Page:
The peace-and-love press release issued, significantly, by the Atlanta City Council:
Atlanta Mayor Kasim Reed and Council President Ceasar Mitchell on Thursday applauded the Atlanta City Council for taking a major step toward approving pension plan reform. If approved by the Atlanta City Council next week, the legislation would avoid the need for personnel reductions and service cuts, and put the city on a path toward greater fiscal stability in FY2012 and beyond.
The Council voted 14-0 in favor of an amendment to the proposal recently put forth by Finance Executive Committee Chairwoman Yolanda Adrean and sponsored by Councilmembers H. Lamar Willis, Aaron Watson, Keisha Lance Bottoms, Alex Wan, Howard Shook and Ivory Lee Young. The amendment contains some features of the proposals developed by the Reed Administration and Councilmembers Adrean and Felicia Moore, with input from other council members.
“I strongly support the Atlanta City Council’s actions today in taking this major step toward reforming the city’s unsustainable pension plan,” said Mayor Reed. “This legislation would achieve my administration’s goal of providing employees with a retirement benefit the city can deliver while also saving millions of dollars for our city’s taxpayers.”
“Today’s vote shows that local government leaders can work together to solve tough fiscal problems while not breaking faith with public employees, many of whom have risked their lives and provided years of dedicated service to the City of Atlanta,” Mayor Reed added.
“The City Council’s acceptance today of a ‘common ground’ pension plan moves us closer to adopting reform that is a win-win for our taxpayers, city employees and the overall financial health of our City,” said Council President Ceasar Mitchell. “I applaud Mayor Reed for his unwavering commitment to this critical issue and commend the tremendous effort and leadership shown by the City Council.”
President Mitchell added: “The Mayor passionately called on the Council to expedite our work, and the Council asked for his collaboration in reaching common ground. In respectively meeting both challenges, collectively we are poised to embrace a pension reform plan that will unlock our City’s untapped potential. I enthusiastically endorse the proposed plan on the table not just because it is a compromise, but because I believe it is a plan that is fiscally prudent, legally defensible, functionally sustainable and humane.”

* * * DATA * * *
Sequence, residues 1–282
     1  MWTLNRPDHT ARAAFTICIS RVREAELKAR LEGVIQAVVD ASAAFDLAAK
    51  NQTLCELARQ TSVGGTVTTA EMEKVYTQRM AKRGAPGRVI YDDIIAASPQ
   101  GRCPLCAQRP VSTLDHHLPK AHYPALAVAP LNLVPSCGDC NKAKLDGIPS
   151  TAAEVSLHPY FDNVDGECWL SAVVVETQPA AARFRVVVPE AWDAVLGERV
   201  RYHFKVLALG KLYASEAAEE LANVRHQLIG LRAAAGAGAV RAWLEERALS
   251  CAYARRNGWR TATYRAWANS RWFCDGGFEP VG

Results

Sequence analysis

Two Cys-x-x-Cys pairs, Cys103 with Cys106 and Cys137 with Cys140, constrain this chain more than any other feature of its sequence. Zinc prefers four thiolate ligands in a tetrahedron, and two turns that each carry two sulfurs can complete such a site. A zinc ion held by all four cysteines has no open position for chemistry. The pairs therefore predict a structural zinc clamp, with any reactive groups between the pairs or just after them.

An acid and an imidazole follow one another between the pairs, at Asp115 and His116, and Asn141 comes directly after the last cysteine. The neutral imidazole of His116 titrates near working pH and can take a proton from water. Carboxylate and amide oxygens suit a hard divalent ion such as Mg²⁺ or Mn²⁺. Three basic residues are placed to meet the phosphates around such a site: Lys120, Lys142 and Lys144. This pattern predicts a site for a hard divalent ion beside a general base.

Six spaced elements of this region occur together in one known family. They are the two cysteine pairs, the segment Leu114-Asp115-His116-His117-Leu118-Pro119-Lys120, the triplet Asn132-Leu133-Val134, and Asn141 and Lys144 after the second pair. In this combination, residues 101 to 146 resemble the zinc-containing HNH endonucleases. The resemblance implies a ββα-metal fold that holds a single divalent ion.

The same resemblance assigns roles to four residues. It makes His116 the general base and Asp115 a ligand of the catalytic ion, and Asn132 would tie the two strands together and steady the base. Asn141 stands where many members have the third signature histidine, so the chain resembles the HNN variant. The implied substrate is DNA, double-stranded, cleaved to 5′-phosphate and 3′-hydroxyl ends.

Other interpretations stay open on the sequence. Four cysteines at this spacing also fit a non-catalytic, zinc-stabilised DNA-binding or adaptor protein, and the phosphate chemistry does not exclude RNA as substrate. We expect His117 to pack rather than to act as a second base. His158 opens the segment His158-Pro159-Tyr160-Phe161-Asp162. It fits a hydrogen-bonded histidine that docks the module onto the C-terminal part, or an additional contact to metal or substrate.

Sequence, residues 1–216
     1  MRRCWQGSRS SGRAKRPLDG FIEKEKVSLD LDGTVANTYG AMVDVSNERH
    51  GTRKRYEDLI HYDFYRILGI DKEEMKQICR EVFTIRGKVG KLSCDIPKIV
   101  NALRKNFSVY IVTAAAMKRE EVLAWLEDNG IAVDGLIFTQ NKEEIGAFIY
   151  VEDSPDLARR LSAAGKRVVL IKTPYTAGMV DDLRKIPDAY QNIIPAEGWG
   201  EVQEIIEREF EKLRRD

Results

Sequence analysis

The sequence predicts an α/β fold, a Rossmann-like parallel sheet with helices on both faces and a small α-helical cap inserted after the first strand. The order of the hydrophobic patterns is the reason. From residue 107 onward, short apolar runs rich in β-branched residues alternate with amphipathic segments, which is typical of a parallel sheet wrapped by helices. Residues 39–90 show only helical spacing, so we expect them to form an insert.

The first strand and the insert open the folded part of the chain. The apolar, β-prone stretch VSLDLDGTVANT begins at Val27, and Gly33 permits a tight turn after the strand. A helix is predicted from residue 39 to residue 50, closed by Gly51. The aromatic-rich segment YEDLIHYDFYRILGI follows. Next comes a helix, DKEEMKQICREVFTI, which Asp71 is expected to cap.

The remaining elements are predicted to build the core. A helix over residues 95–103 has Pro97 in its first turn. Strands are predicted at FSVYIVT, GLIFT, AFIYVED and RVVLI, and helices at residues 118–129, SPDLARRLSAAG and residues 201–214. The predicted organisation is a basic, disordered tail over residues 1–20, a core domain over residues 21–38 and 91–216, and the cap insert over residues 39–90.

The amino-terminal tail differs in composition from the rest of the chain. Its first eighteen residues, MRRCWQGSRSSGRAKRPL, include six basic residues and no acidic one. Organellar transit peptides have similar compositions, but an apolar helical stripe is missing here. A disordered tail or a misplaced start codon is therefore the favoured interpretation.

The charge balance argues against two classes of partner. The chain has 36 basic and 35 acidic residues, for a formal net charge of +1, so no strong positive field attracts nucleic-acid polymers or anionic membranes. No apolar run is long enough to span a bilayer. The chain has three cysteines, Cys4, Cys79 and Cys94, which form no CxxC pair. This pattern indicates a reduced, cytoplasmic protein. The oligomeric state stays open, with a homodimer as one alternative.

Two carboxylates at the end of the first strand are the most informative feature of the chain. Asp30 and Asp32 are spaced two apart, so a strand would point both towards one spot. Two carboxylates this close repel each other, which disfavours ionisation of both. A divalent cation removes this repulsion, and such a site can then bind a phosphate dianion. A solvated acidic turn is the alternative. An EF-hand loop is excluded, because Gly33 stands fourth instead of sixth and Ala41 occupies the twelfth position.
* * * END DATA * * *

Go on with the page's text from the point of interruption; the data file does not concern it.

Under the amended proposal, current employees in the traditional pension plan would contribute an extra five percent of their compensation to keep their existing benefits with no other changes.
New sworn police and fire personnel as well as those below a certain payroll grade would be placed into a hybrid composed of a reduced traditional pension and a 401K-type plan. The traditional pension portion would have a one percent defined benefit multiplier and an eight percent employee contribution.
Employees would also participate in a 401K-type plan with a 3.75 percent mandatory contribution that is matched 100 percent by the city. These employees may also contribute an additional 4.25 percent that will be matched by the city. There would be a 15-year vesting period for the defined benefit portion and a five-year vesting period for the 401K-type plan.
In addition, the retirement age for new employees would be increased by two years. The retirement age for new sworn police and fire personnel would be increased from age 55 to 57. The retirement age for all other new employees below a certain payroll grade would be increased from age 60 to 62.
Today’s vote is the result of dozens of committee meetings, presentations, workshops, and employee sessions on pension reform over the past 18 months attended by Atlanta City Council members, employees, union representatives and the public.
Mayor Reed has made shoring up the city’s reserves, balancing the budget and safeguarding taxpayer dollars a top priority, second only to public safety. Shortly after his inauguration in January 2010, he appointed a Pension Review Panel to begin studying the city’s pension fund and make recommendations on how to address the problem.
Six months after taking office, the Reed Administration successfully took the first step toward pension reform by proposing legislation to reduce the multiplier for new employees. The multiplier decreased from three percent to two percent for sworn firefighters and police officers, and from 2.5 percent to two percent for the city’s general workers. The legislation also increased the vesting period from 10 to 15 years.
There will be a Special Called meeting of the Atlanta City Council at 3 p.m. on Wednesday, June 29, 2011 in the City Council Chambers.
- By Jim Galloway, Political Insider